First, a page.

Taking an “opportunistic” approach to value investing, and always looking for a “catalyst,” Marcus keeps some cash on hand for times when everyone else is under pressure to sell, and then will selectively pounce. He spoke by telephone with Kate McBride on Wednesday.

Q: Why don't we start with an overview of the lively situation in Europe?

A: Yes, I’ve been investing in Europe for almost 20 years—there’s always something going on somewhere in Europe. In the midst of crises we often get our best opportunities. It doesn’t mean buying those stocks that day, [but when] people are selling [because they have to.]

Q: Not to catch a falling knife but find good opportunity?

A: When the vortex started pulling the markets down people started dumping European stocks—in a panic people retreat home to America. But we’re the opposite—we buy when people panic.

Q: You need the stomach to sit it out?

A: Buy in not at the bottom but on the way to the bottom; when rational thinking comes back—[things bounce back]; we’ve gotten [our] best opportunities that way.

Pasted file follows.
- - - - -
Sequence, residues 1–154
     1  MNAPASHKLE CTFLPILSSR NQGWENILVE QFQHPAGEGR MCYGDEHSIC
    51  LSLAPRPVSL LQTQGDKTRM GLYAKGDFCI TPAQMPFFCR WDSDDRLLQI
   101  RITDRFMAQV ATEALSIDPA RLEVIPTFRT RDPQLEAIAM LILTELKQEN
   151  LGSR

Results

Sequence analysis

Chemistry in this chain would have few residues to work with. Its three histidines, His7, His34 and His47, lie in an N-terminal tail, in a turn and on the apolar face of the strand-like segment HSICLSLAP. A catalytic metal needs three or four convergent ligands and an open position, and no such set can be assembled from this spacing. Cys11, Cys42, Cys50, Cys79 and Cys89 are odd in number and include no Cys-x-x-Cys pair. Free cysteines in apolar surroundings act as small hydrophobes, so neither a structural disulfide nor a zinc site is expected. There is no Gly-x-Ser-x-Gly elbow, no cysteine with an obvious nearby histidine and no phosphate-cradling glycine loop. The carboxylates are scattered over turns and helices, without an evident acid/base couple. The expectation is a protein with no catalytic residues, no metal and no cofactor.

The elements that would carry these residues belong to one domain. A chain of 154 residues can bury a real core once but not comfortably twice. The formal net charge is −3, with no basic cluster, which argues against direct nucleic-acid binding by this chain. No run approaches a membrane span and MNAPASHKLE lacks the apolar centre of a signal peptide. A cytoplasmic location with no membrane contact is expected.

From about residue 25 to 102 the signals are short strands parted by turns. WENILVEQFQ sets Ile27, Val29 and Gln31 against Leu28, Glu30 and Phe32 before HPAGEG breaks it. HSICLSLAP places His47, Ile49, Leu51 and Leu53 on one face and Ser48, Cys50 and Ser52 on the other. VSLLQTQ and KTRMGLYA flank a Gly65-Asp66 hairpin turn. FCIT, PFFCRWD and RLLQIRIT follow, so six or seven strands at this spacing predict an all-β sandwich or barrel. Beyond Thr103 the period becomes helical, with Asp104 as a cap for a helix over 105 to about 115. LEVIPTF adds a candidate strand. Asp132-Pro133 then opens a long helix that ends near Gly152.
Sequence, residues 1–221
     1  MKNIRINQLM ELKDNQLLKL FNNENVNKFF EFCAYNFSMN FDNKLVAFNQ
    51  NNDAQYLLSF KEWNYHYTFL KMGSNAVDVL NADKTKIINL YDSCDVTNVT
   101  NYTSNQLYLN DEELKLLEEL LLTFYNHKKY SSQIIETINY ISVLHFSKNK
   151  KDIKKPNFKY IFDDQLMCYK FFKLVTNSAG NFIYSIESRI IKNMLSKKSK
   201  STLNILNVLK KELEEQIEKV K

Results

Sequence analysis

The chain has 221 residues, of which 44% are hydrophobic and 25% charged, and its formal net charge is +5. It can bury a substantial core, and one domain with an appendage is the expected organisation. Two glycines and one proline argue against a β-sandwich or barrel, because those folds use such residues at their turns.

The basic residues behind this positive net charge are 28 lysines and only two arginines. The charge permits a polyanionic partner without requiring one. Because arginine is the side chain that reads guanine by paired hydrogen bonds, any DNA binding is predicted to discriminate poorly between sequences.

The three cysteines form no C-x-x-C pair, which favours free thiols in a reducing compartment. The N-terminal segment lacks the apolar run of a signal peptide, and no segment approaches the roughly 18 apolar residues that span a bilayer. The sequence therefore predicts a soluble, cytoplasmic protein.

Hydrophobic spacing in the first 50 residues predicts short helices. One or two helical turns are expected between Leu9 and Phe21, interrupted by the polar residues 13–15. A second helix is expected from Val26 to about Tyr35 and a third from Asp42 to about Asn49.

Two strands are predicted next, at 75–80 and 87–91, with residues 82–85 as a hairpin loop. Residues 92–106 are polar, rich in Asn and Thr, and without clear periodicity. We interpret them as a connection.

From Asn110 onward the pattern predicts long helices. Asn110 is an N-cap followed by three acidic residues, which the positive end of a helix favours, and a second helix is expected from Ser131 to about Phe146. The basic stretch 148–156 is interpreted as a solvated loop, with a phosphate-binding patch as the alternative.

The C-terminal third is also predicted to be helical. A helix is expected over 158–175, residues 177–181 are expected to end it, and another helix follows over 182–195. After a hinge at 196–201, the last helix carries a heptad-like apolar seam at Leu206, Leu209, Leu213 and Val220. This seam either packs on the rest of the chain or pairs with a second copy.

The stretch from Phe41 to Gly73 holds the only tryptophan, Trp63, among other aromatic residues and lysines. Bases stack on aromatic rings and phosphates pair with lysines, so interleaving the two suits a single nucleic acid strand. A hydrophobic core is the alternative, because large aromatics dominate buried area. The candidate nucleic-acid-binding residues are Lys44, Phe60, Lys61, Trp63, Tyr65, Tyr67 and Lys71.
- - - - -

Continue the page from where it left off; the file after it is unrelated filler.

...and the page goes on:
Q: Like the U.S. in March 2009?

A: Yes! In March 2009 it looked like the end of the world, end of Wall Street. [That worked out for] those that had the gumption to move forward, not buying everything in sight but [selectively].

When the crisis hit Greece, stocks were down and we got to add a host of individual companies in sectors—companies that were not affected by the crisis when there was selling to raise cash.

Q: Not to Hell in a hand basket, but opportunity?

A: Now—last week all the markets got hit, we said ‘Let’s nibble.’ We make the distinction between nibbling and gobbling. [Nibbling meaning using some our cash; gobbling meaning using much of it.] We don’t know if the markets will be lower, so we nibble so we can come back another day. We have 16% cash in the European fund, and 18% cash in the Global fund.

We started a new position in Germanybecause a couple of stocks were down 12% in one day—a media company, Highlight Communications—they have the rights to the UEFA Champion’s League soccer. Why was it down? People wanted to raise cash. We were waiting, waiting, bought. Within two trading days the stock had recovered all the loss. We always have dry powder—because you never know when a crisis is going to come—be prepared to buy. It’s a lesson from Michael Price.